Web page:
From evidence to realities: psychosocial intervention provision in Australian routine community mental health practice

E. Fossey, C. Harvey, P. Ennals, A. Wiggins, J. Farhall

Research output: Contribution to journalArticleResearchpeer-review


Background: This study explored care co-ordinator reports about provision of six evidence-based psychosocial interventions (PSIs) for people living with psychosis, to better understand decision-making about provision. Methods: Conducted as an adjunct to the Second Australian National Survey of Psychosis in one catchment area, care co-ordinators completed a structured interview about evidence-based PSIs provided to 33 consumers as part of their community mental health care. Descriptive analyses were conducted. Results: Care co-ordinators reported most consumers were provided at least one of the PSIs during the previous year; all were provided at least one non-evidence-based, typically briefer or simpler, alternative. Relapse Prevention Planning using early warning signs was reported as most provided; Family Psychoeducation was the least provided but rated as most helpful. The primary reason for non-provision of PSIs was that they had not been offered, with lack of relevance the most cited explanation. Conclusions: PSIs may be more commonly provided than previously reported, if non-evidence-based alternatives are also considered: reasons for not offering evidence-based PSIs require further study. Meaningful guidelines are needed about when and how to offer PSIs in collaborative practice, including briefer or simpler interventions when preferred over more complex interventions.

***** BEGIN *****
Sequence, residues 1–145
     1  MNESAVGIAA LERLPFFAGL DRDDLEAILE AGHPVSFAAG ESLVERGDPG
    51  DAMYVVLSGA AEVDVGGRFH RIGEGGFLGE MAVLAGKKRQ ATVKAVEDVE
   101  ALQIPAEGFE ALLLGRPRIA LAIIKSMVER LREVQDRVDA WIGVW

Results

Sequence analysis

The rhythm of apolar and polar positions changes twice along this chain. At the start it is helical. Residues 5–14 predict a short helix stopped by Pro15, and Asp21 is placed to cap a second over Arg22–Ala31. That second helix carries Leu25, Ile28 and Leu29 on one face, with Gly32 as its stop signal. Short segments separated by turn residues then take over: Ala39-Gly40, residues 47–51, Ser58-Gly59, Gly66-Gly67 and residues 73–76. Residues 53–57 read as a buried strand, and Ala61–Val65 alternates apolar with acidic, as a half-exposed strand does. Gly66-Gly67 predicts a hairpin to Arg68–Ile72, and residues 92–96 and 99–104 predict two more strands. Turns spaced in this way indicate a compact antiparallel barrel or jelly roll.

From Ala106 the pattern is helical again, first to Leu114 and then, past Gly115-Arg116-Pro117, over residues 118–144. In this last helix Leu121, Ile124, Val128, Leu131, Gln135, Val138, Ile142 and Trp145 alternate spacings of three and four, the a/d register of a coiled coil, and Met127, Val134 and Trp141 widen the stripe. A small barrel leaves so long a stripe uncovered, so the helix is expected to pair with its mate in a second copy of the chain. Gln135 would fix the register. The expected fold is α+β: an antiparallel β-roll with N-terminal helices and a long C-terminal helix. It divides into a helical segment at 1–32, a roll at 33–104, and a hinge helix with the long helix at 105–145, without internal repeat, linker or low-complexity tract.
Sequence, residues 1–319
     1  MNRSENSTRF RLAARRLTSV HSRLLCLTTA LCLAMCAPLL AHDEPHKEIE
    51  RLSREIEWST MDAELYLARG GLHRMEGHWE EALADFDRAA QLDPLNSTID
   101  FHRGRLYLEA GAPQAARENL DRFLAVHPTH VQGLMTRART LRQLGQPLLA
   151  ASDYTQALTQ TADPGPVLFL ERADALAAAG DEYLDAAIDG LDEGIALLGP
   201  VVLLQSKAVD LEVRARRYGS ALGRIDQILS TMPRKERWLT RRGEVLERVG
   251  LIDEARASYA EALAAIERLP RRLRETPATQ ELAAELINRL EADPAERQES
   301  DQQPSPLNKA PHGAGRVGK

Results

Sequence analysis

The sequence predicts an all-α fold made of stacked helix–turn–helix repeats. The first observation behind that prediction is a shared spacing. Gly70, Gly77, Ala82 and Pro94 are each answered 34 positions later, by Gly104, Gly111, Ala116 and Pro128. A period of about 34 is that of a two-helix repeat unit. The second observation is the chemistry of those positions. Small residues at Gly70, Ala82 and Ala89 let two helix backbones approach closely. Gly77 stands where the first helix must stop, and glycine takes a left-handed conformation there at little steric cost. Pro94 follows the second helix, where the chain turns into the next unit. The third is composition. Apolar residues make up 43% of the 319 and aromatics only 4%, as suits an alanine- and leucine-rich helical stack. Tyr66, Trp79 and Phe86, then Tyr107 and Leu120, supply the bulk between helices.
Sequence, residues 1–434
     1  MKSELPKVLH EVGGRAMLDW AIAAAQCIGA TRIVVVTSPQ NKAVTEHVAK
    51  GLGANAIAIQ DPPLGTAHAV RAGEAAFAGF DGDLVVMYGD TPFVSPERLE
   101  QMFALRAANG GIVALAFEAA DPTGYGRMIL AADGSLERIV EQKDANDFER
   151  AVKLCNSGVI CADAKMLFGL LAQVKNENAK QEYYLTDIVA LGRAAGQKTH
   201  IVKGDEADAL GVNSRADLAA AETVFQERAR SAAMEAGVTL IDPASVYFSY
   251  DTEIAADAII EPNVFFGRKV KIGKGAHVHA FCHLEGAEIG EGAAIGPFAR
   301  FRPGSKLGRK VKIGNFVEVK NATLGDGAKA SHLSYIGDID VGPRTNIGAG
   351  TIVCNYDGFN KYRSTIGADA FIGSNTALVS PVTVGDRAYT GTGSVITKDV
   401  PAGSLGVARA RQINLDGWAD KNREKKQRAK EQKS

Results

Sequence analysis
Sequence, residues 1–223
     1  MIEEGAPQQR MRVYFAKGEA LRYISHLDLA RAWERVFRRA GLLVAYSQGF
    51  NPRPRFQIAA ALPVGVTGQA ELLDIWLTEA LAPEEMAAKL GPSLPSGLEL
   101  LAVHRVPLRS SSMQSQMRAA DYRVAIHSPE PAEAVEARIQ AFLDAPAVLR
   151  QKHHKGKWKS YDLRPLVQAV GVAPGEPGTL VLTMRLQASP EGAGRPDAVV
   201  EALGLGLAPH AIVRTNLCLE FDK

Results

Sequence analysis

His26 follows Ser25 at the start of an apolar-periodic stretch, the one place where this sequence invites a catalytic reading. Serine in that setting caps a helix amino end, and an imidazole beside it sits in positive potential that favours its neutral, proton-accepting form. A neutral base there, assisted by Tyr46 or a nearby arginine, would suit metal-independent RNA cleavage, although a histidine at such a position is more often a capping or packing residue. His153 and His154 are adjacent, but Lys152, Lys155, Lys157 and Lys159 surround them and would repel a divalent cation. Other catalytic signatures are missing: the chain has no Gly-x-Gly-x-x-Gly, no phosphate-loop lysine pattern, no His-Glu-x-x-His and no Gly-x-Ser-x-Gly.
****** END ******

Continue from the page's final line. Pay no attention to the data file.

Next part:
Original languageEnglish
Pages (from-to)155-167
Number of pages13
Issue number2
Publication statusPublished - 3 Apr 2023


  • community mental health practice
  • evidence based practice
  • implementation
  • psychosis
  • Psychosocial intervention

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